A common request is for the ability to modify a table's field alias or visibility, especially when creating a table on the fly using MakeFeatureLayer, for example. This cannot be done using the managed API. This script uses the CIM to access a feature layer's featureTable object and its fieldDescriptions object from which the alias and visible attributes can be set. The Python syntax follows the CIM object model where each dot exposes the next object's set of properties based on the indentation of the JSON structure.

# Reference a project, map, and layer using
p ='current') 
m = p.listMaps('Map')[0]
lyr = m.listLayers('GreatLakes')[0]

# Get the layer's CIM definition
cim_lyr = lyr.getDefinition('V2')

# Make changes to field properties
for fd in cim_lyr.featureTable.fieldDescriptions:
    if fd.fieldName == "OBJECTID":
        fd.visible = False            #Do not display this field
    if fd.fieldName == "Shape_Area":
        fd.alias = "Area (hectares)"  #Change field alias

# Push the changes back to the layer object

Example 3: Modify layer symbology

This example shows how nested the CIM object model can become and also shows the advantage of CIM-level access. The API has limited access to renderers and depth of properties. It can only modify simple properties and only for the default layer of a symbol. However, the CIM can access a symbol with multiple layers. The following screen shot shows settings in the application that are not available to the API:

The symbology pane for a polygon feature layer.

This is an edited and simplified JSON file that only displays the renderer information for a layer's symbology. The renderer has a symbol of type CIMSimpleRenderer and that has a symbol of type CIMPolygonSymbol. The polygon symbol has two symbolLayers: CIMSolidStroke and CIMSolidFill, each of which displays the properties that are available in the Symbology pane.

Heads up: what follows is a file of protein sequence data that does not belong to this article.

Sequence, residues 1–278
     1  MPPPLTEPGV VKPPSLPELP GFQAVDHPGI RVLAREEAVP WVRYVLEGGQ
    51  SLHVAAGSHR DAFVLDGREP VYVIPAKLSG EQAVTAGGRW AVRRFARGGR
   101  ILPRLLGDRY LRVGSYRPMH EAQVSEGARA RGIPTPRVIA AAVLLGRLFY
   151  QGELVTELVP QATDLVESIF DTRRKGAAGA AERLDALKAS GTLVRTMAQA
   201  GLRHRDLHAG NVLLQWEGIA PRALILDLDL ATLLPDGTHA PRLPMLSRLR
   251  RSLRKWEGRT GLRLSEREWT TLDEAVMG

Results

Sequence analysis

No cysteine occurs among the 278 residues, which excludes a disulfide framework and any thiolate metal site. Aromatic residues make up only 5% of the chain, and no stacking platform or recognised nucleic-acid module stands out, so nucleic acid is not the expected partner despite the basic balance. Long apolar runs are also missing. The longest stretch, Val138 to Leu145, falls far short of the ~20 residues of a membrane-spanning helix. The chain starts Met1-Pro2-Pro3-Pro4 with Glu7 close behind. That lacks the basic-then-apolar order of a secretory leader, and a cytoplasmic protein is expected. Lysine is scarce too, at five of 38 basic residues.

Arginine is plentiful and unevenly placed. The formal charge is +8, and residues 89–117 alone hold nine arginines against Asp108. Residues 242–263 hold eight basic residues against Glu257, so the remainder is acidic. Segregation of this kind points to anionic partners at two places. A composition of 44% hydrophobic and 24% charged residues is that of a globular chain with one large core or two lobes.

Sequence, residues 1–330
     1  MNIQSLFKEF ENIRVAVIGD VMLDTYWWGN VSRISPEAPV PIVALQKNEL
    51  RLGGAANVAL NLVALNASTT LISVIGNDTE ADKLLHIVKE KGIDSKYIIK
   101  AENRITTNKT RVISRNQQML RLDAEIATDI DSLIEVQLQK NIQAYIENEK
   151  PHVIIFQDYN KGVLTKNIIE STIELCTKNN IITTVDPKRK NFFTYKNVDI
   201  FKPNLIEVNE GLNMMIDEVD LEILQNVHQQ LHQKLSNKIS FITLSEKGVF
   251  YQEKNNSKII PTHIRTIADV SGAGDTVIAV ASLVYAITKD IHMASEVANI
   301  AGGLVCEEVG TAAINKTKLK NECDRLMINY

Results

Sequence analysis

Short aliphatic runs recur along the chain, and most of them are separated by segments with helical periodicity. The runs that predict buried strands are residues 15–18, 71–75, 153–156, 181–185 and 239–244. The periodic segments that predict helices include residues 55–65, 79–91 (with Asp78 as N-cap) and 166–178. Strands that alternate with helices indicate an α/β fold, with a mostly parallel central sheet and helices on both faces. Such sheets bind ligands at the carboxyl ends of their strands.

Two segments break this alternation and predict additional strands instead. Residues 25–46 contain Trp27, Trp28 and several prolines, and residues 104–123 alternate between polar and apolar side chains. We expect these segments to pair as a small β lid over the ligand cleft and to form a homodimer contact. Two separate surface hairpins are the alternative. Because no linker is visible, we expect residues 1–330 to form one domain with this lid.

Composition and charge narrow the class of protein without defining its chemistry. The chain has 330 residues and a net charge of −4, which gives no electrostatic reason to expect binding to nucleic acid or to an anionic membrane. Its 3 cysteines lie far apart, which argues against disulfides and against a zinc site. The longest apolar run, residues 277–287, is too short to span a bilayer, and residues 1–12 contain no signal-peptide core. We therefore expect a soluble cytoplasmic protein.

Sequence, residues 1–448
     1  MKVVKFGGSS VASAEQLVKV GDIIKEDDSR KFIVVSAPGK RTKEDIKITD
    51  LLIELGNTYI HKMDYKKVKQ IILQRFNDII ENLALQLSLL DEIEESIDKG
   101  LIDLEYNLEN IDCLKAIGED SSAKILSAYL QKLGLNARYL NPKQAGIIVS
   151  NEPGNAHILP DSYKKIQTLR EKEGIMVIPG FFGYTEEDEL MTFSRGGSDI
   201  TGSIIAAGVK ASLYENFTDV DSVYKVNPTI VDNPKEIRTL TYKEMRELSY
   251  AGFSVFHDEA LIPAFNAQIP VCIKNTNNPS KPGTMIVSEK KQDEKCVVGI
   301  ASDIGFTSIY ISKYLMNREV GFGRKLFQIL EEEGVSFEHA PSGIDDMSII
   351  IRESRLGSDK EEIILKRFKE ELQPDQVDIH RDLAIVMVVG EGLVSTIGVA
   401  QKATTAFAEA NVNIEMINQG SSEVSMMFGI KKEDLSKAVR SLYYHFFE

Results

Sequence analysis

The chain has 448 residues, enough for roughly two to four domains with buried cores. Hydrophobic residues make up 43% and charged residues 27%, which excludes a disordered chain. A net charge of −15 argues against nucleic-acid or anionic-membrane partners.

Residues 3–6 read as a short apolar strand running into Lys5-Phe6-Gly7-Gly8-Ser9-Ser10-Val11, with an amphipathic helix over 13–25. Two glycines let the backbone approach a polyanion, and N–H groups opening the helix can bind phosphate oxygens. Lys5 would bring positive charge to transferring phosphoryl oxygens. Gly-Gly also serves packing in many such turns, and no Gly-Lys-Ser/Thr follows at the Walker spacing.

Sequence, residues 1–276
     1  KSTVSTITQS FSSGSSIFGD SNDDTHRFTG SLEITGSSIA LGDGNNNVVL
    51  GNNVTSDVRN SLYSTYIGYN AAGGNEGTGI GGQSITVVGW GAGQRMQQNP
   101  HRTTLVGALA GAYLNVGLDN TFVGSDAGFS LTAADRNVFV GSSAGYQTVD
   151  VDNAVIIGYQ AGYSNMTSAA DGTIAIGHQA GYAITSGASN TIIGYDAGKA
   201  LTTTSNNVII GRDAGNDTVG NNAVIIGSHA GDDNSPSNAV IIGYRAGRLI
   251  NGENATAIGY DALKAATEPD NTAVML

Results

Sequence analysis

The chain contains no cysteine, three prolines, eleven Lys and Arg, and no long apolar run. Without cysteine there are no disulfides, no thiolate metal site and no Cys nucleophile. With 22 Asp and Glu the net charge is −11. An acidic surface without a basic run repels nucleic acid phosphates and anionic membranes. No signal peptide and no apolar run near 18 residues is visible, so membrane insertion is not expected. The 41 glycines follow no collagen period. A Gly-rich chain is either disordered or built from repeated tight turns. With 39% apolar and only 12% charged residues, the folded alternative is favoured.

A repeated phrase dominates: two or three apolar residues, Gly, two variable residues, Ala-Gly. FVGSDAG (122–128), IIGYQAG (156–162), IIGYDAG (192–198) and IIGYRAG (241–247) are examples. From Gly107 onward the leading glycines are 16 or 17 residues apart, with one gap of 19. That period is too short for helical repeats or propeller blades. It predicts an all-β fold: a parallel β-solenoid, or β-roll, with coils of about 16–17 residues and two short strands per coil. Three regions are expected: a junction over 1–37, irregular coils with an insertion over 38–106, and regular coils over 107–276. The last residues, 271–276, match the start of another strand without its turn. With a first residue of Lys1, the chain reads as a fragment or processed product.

"layerDefinitions" : [
      "renderer" : {
        "type" : "CIMSimpleRenderer",
        "patch" : "Default",
        "symbol" : {
          "type" : "CIMSymbolReference",
          "symbol" : {
            "type" : "CIMPolygonSymbol",
            "symbolLayers" : [
                "type" : "CIMSolidStroke",
                "effects" : [
                    "type" : "CIMGeometricEffectDashes",
                    "dashTemplate" : [ 5, 5],
                    "lineDashEnding" : "NoConstraint",
                    "controlPointEnding" : "NoConstraint"
                "enable" : true,
                "capStyle" : "Round",
                "joinStyle" : "Round",
                "lineStyle3D" : "Strip",
                "miterLimit" : 10,
                "width" : 3,
                "color" : {
                  "type" : "CIMRGBColor",
                  "values" : [0, 0, 0, 100]
                "type" : "CIMSolidFill",
                "enable" : true,
                "color" : {
                  "type" : "CIMRGBColor",
                  "values" : [ 255, 127, 0, 100 ]

this Python code uses CIM access to modify the layer's symbology. Both symbol layers are modified.

# Reference a project, map, and layer using
p ='current')
m = p.listMaps('Trail Routes')[0]
lyr = m.listLayers('Loops')[0]

# Return the layer's CIM definition
cim_lyr = lyr.getDefinition('V2')

# Modify the color, width and dash template for the SolidStroke layer
symLvl1 = cim_lyr.Renderer.Symbol.Symbol.SymbolLayers[0]
symLvl1.Color.Values = [250, 250, 40, 50]
symLvl1.Width = 8
ef1 = symLvl1.Effects[0]    #Note, deeper indentation
ef1.DashTemplate = [20, 30]

# Modify the color/transparency for the SolidFill layer
symLvl2 = cim_lyr.Renderer.Symbol.Symbol.SymbolLayers[1]
symLvl2.Color.Values = [140, 70, 20, 20]

# Push the changes back to the layer object

Use caution when modifying the CIM